Mayroosan and his family were sent to a provisional lock up camps, so an eye could be kept on those who rebelled against the Sinhalese.

There was no school provided for children there and no more cricked for Mayroosan.

From the few notes that we got from him from there

we learned that his mother and father

had left to find work in India

to protect them from starvation.

Mayroosan was left behind

to look after his young siblings,

a lost child of war alone in camp

looking after younger children

We just kept sending him money for education

that he would never get.


I called World Vision Lanka asking about

Mayroosan. I supplied his LKA ID number

only to be told he is an adult now

and doesn't qualify for sponsorship anymore.


They could offer another child for sponsorship

and another number to send money to, however.

I hung up. How could I explain

to any agency

(whatever their vision is)

because at the end of the day

they are just one of the many

charitable organisations

thinking about how best

to invest their non profit money.


Mayroosan was just a number to them,

but never to us.

Only my son and I understand.


Mayroosan’s photo still hangs on the wall of our family room, alongside all of his Australian siblings that he never met

“I hope he becomes the doctor that he dreamed of,”

Mat uttered once while eating his evening meal:

It was translated to me hat he has seen many

of his family members die and that he wanted to help save them.

There was no doctor present when they died.”


I nodded and patted his hand:

You know mum, I am going to study humanitarian law

so I can help kids like Mayroosan, there must be a better way.”

We kept eating our dinner while on the TV

the violence between Muslims and Sinhalese

raged on streets of Colombo.


Muslims make up close to 10 percent of the population

and they speak Tamil as their mother tongue.

The Sinhalese TV presenter declared that slightly higher

birth among Muslims poses a threat to the continued

demographic supremacy of the Sinhalese. Just like

the Tamils had been a threat to the Sinhalese supremacy

during the Civil war, he added.


My son puts his spoon down angrily, “It is 70 percent of them,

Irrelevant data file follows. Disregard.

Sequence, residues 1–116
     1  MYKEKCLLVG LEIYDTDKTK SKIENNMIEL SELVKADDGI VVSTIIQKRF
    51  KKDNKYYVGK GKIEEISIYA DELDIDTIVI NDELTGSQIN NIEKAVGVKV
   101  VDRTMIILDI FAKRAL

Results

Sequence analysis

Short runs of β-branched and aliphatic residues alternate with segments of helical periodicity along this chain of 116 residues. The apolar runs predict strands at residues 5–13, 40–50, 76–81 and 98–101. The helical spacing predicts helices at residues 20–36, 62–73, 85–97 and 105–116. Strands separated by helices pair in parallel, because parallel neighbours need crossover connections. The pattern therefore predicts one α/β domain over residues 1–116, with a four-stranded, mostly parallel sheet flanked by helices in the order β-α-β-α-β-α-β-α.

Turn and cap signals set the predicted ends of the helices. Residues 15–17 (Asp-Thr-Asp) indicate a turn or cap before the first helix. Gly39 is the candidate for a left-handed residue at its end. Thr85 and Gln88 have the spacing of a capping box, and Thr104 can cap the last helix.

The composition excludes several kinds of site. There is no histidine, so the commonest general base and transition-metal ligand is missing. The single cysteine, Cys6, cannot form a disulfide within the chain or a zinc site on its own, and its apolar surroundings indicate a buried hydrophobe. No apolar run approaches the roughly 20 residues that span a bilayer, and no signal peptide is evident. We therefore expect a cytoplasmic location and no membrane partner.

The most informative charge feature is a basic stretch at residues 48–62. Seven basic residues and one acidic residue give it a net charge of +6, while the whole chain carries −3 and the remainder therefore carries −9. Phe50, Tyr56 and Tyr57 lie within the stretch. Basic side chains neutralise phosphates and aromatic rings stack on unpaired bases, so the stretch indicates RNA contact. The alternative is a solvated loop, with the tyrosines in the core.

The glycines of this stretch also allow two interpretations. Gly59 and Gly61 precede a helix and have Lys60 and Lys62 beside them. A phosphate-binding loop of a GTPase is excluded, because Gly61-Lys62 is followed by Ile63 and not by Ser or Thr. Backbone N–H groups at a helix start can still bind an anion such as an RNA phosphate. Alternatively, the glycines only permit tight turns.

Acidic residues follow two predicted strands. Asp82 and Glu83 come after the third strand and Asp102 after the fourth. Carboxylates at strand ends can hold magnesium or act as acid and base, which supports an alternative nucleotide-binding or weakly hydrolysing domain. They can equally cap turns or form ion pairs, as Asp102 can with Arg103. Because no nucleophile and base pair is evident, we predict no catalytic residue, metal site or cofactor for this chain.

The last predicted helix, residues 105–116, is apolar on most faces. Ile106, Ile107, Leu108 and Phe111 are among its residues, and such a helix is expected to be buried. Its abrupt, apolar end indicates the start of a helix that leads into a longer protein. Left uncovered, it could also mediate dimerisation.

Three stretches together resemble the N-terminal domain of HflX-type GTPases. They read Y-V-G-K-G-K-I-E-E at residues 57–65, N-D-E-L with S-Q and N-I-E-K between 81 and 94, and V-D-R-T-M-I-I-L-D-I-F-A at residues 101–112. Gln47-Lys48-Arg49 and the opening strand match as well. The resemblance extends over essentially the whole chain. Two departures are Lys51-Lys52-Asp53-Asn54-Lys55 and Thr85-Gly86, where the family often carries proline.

Sinhalese oppressors are like nothing else.

The mostly Hindu Tamils,

constitute around 13 percent.

They destroyed them

and now they are destroying

the Muslims!”


Suddenly a new presenter

Tisaranee Gunasekara,

appeared on our TV screen.

It seems like he almost heard my son’s outbursts.

He warns viewers:

If we, the Sinhalese, fail Muslims as we failed theTamils,

then history will not forgive us,

and will punish us with a new and a worse war!”


I looked at Mat who pushed his half eaten dinner aside,

Not everything is lost my son. Maybe they will learn.

The Sinhalese of this world!

Then we do not need to rely anymore

on non profit charities who like to make profit

from helping, hey?


I will find him one day, mum. My brother Mayroosan.”

I smiled at my determined grown up youngest one:

I know you will, Mat. I know you will.

But first finish your studies

and become the humanitarian lawyer you want to be,

so that you can help him too and his children if he has any.”

Comments

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    • Beata Stasak profile imageAUTHOR

      Beata Stasak 

      17 months ago from Western Australia

      You are very right Eric and thank you for your kind and warm words, the right words can heal the world, they can truly do:)

    • Ericdierker profile image

      Eric Dierker 

      17 months ago from Spring Valley, CA. U.S.A.

      The love is wonderful and the chaos bad. Thank you for sharing this with us. I have already prayed for your unification in wellness.

    • Beata Stasak profile imageAUTHOR

      Beata Stasak 

      17 months ago from Western Australia

      Thank you David, we feel the same...

    • profile image

      David 

      17 months ago

      such a beautiful story , so warm and caring . my family to had a similar story and lost track of the boy we sponsored and it felt like we lost a family member.